Minding One’s Hrs and Zs

Work a weird shift and you can assume your sleep will be off. Angela Bowen, research assistant at the Sleep and Performance Research Center at Washington State University Spokane, calculated as much in a study presented this week at SLEEP 2010, the 24th annual meeting of the Associated Professional Sleep Societies LLC, in San Antonio.

Using mathematical modeling, Bowen compared the sleep and fatigue one might expect between typical working schedules and less desirable ones. Start work between 9 a.m. and 2 p.m., and you can expect to get eight hours of sleep in. But pull a shift between 8 p.m. and midnight, and you might be working on less than five hours of sleep.

Flickr image courtesy of Fabbio--http://www.flickr.com/photos/fabiovenni/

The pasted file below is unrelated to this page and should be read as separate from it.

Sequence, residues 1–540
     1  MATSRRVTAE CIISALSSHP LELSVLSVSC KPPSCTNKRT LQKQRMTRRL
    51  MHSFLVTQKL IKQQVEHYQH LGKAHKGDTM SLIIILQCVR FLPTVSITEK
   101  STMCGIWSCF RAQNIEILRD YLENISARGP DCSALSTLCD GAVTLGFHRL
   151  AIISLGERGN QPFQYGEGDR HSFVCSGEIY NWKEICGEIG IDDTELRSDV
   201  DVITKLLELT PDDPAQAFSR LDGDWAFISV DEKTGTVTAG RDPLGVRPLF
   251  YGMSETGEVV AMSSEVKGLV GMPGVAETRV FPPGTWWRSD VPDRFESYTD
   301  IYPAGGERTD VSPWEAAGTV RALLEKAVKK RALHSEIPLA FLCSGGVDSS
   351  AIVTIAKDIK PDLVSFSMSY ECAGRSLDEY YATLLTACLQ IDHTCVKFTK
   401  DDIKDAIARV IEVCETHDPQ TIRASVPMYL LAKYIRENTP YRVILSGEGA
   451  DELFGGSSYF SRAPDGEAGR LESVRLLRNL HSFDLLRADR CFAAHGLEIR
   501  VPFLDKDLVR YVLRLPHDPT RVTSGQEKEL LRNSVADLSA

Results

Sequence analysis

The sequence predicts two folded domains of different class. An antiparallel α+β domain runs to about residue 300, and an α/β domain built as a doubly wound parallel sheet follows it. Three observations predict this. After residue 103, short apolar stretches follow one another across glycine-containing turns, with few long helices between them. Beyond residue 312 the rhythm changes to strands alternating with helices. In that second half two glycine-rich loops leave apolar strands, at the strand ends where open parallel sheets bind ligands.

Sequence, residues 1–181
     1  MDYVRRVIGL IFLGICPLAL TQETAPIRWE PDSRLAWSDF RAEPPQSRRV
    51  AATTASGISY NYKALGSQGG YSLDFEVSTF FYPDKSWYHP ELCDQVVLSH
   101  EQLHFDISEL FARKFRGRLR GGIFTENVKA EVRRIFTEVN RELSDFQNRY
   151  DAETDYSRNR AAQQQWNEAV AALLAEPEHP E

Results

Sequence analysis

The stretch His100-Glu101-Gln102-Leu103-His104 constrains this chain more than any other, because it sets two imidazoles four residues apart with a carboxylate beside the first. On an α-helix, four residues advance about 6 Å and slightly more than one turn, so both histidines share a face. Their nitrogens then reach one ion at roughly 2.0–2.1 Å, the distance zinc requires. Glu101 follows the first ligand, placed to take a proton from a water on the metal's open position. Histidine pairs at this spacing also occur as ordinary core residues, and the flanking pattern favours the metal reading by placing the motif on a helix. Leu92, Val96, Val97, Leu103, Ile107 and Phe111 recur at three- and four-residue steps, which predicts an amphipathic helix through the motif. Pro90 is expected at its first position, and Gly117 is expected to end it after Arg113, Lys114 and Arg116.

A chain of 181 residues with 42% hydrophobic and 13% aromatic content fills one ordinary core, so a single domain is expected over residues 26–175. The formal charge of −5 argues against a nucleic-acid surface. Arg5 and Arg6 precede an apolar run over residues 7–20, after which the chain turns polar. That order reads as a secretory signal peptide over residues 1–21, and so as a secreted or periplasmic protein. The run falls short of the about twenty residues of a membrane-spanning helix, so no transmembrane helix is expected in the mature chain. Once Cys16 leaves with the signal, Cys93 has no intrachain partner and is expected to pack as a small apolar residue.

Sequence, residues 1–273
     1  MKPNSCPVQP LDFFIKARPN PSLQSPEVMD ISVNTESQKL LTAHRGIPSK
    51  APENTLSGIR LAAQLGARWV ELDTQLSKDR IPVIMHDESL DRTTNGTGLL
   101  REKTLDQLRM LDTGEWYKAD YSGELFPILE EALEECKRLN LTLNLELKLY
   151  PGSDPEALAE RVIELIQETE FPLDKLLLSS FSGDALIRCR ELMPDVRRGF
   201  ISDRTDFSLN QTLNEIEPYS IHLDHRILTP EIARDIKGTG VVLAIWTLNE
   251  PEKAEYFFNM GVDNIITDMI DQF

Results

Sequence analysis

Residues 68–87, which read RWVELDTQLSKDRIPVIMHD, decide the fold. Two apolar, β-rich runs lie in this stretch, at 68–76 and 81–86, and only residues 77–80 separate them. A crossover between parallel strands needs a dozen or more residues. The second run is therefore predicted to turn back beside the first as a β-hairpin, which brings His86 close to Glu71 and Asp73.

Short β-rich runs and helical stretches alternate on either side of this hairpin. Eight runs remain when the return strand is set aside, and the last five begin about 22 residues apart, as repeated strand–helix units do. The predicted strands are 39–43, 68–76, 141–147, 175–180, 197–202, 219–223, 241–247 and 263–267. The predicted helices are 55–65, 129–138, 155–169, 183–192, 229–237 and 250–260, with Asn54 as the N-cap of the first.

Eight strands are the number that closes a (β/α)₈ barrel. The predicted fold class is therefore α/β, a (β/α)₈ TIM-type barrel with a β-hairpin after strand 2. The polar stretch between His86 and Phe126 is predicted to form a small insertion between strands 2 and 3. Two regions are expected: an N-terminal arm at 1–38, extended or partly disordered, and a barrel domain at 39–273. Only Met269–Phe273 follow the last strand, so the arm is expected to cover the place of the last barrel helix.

“In comparison to day time schedules, the night schedules had much less predicted sleep and greater fatigue on shift,” Bowen writes in an email from San Antonio—and yes, she’s having a wonderful time.

What’s surprising is that, if you’re going to take a graveyard shift, you’ll want to make it a true graveyard shift and start after midnight. It’s a timing play and it lets a worker sleep right before going to work, arriving rested.

The research has implications for so-called hours-of-service regulations, which currently aim to reduce  fatigue by limiting the hours one works in a day. Such regulations ignore the body’s circadian rhythms, says Bowen. If her modeling is validated in real or simulated work environments, she says, it can be used to recommend more sleep-friendly schedules.